What are suspicious activity reports? Markets Compliance Regulations such as MAR extends the scope of the requirement to report suspicious transactions to the relevant competent authority. The reporting requirement extends to suspicious orders, modification to and/or cancellation of transactions or orders, and OTC derivative transactions and orders.
What Are Suspicious Activity Reports?
MAR also requires market operators, investment firms, and persons professionally arranging or executing transactions to establish and maintain effective systems and procedures to prevent and detect actual or attempted market abuse and to report same to the competent authority without delay.
The Financial Crimes Enforcement Network (FinCEN), after it consulted with the stakeholders of the U.S. Securities and Exchange Commission and the Commodity Futures Trading Commission (CFTC), issued guidance that, under the Bank Secrecy Act (BSA) regulatory requirements, securities broker-dealers, and commodity brokers may share the Suspicious Activity Reports (SARs) with the parent entities, both domestic and foreign entities.
Filer Of A SAR
The filer of a SAR is prohibited from notifying any person involved in the suspicious activity or transaction that the activity and transaction have been reported. The regulations issued by the FINCEN have interpreted the confidentiality provision as generally prohibiting a securities broker-dealer, or introducing broker in commodities from disclosing the SAR, except where such disclosure is requested by the law enforcement authorities, and agencies including securities and futures industry regulatory agencies, or the FINCEN.
The securities brokers, or introducing brokers that file a SAR may disclose to companies within its group that information about the customer and the transaction(s) are reported. To fulfill the SAR responsibilities, the parent companies may have a valid need to review compliance by securities broker-dealers or introduce a broker which has legal requirements to identify and report suspicious activity. The securities broker-dealer, futures agents, or introducing broker may share a SAR with the parent company. If the corporate structure of a securities broker-dealer, or futures agent, includes various parent companies, the filing institution’s SAR may be shared with each company in the group.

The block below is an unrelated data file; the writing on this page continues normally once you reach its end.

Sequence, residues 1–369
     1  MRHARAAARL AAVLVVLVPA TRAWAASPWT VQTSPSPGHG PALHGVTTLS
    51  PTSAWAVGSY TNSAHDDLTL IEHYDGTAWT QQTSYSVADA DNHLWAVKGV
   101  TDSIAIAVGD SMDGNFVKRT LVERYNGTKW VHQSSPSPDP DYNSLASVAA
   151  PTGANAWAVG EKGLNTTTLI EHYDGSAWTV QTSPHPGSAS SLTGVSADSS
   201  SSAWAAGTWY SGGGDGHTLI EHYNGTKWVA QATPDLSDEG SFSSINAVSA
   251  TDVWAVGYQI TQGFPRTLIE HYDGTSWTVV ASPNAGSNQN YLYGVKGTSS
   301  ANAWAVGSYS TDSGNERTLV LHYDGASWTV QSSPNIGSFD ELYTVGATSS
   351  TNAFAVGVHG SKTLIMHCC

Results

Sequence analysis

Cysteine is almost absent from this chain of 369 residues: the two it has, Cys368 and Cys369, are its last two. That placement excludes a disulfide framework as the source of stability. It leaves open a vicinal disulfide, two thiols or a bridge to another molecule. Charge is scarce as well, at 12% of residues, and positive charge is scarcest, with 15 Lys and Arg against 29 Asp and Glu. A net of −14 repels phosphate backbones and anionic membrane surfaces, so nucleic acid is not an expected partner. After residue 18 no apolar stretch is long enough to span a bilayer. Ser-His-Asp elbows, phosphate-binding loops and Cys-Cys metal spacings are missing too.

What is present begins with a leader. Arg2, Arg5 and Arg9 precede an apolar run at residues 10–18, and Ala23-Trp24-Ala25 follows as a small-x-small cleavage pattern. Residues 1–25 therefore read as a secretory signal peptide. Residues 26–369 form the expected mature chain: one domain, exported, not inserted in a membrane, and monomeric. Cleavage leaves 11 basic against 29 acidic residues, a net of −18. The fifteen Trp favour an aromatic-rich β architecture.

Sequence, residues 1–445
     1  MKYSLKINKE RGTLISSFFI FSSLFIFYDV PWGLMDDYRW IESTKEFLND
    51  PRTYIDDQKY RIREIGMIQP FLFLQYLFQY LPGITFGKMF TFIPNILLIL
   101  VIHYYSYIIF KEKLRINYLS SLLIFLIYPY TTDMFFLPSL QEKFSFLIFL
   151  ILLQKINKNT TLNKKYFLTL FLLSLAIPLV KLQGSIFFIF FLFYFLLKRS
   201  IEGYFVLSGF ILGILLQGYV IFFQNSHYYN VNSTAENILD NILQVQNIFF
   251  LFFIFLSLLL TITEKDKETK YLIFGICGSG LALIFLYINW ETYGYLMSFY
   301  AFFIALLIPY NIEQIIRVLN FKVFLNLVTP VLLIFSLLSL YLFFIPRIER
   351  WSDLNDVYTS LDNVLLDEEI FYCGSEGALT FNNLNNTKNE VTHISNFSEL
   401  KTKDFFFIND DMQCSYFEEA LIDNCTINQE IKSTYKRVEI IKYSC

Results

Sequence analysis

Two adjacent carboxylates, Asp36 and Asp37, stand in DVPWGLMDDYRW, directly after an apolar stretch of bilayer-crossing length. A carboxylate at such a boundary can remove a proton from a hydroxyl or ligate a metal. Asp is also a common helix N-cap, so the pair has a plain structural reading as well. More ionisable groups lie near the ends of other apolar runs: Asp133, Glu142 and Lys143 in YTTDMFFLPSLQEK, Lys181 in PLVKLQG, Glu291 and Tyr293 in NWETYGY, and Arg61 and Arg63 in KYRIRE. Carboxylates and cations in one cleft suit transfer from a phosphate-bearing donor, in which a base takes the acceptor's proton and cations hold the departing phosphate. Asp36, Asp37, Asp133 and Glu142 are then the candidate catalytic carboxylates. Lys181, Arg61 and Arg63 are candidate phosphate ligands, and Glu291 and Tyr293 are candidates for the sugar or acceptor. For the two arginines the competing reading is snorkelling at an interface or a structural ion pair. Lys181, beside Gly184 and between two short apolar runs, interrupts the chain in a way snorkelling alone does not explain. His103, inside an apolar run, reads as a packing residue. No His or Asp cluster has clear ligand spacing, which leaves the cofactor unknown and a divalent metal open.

The FinCEN has not taken a definitive position concerning whether a securities broker-dealer, commission agents, an introducing broker in commodities are permitted to disclose to the companies within its group, the SAR itself. The conclusion to this matter became an important issue, particularly in a global financial market.
There may be circumstances under which a securities broker-dealer, commission agent, or broker would be liable for disclosure of a SAR by a recipient parent company. Therefore, the stakeholders involved, as part of the anti-money laundering program, must have to ensure that a written confidentiality agreement is made that specifies that the parent company shall protect the confidentiality of the SAR through the application of appropriate compliance controls. The sharing of a SAR with a non-U.S. company raises additional issues about the ability of the foreign company to protect the sharing or filing of SAR as per applicable foreign laws.
Securities And Exchange Commission
The FinCEN, in consultation with the Securities and Exchange Commission (SEC) and the Commodity Futures Trading Commission, is considering whether a SAR may be shared with an affiliate company, inside the United States or where the affiliate company is located abroad. These issues are required to be resolved through the confidentiality agreement.
The recipient foreign parent company should not disclose further any SAR, or the fact that it has been filed however, the foreign company may disclose without permission underlying information that does not explicitly reveal that a SAR was filed considering the requirements of applicable laws and regulations.
Sharing Of A SAR With A Non-US Company
The sharing of a SAR with a non-U.S. company raises issues about the ability of the foreign entity to protect the SAR in light of possible requests for disclosure abroad that may be subject to foreign law. These concerns will need to be addressed in the confidentiality agreements or arrangements.
The recipient foreign parent entities) may not disclose further any Suspicious Activity Reports, or the fact that such report has been filed; however, the foreign parent entity (or entities) may disclose without permission underlying information (that is, information about the customer and transactions reported that does not explicitly reveal that a SAR was filed.
A Suspicious Activity Report (SAR) or Suspicious Transaction Report (STR) in financial regulation is a report made by a financial institution about suspicious or potentially suspicious activity. The criteria for determining when a report must be made vary by country, but generally are any financial transactions that do not make sense to the financial institution; are unusual for that particular client; or appear to be done solely to conceal or obfuscate another, separate transaction. The report is filed with that country’s financial crime enforcement agency, which is typically a specialized agency tasked with collecting and analyzing transactions and reporting them to relevant law enforcement.